The Reality of Limits

So, Lagunita’s has sold a 50% stake in their business to Heineken. Here’s what they had to say about that.

The owner has gotten a bit of blowback for selling to Heineken because he was at the forefront of craft brewery owners railing against just this sort of thing. Now he’s turned a new leaf, apparently and he’s super excited to sell his beer in Mexico!

There are all kinds of ways to get up in arms about this but I think that the real problem is this: beer is a very old industry and I’m not sure there is a way to ‘revolutionize’ it.

We see new technologies come up all the time and what happens to most of them now? They are bought out by larger more established companies. Of greater rarity these days are the startups that go on to Twitter/Facebook/Google levels of relevance.

The owner of Lagunitas wants to sell his beer in Europe and Mexico and grow his business. How can he do that? Making inroads to those places costs a lot of money and it’s pretty clear that smaller companies are going to have to make some tough decisions in order to realize dreams of that scope.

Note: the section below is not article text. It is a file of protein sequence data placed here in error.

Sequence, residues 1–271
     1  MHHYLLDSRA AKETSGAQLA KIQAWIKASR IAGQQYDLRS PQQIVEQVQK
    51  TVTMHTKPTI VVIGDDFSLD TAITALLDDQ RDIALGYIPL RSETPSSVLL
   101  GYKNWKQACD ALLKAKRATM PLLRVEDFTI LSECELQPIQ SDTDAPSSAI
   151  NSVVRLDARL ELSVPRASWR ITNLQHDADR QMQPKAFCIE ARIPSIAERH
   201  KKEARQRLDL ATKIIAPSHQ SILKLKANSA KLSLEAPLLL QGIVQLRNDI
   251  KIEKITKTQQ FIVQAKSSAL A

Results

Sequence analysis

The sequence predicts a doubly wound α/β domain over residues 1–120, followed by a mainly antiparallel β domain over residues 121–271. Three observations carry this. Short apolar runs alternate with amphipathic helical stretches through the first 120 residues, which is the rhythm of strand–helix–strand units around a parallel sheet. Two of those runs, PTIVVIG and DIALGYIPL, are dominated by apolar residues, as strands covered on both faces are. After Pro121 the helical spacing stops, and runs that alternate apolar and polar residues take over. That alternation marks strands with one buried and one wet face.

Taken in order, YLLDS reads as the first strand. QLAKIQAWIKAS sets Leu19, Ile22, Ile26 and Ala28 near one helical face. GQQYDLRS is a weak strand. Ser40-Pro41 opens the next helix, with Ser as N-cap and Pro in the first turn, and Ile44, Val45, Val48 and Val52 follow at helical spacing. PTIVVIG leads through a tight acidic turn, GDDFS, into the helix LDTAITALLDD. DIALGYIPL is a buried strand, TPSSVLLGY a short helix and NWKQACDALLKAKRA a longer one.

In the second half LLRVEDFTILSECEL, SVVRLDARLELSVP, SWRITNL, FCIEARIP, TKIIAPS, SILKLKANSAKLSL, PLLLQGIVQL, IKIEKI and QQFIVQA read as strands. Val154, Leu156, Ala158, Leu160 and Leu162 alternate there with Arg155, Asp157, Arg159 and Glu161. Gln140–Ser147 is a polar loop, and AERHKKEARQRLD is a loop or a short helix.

He’d also like to retire someday and leave his company in a good place.  That’s where it gets tricky, because I promise you, it won’t be his company by the time this is all over.

So what to do? The reality seems to be that either you sell out to The Man or your accept that you won’t ever be a serious contender in the world of beer, because 99% of the drinking public can’t access your wares.

The question for me is: Is having a not-global brand a bad thing?

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One thought on “The Reality of Limits”

  1. This is a discussion worth having… for a lot of reasons. I am reminded of the eco-political slogan: “Think globally, act locally.” It can be argued, quite convincingly that “acting globally” is the cause of our current eco-socio-economic crisis.

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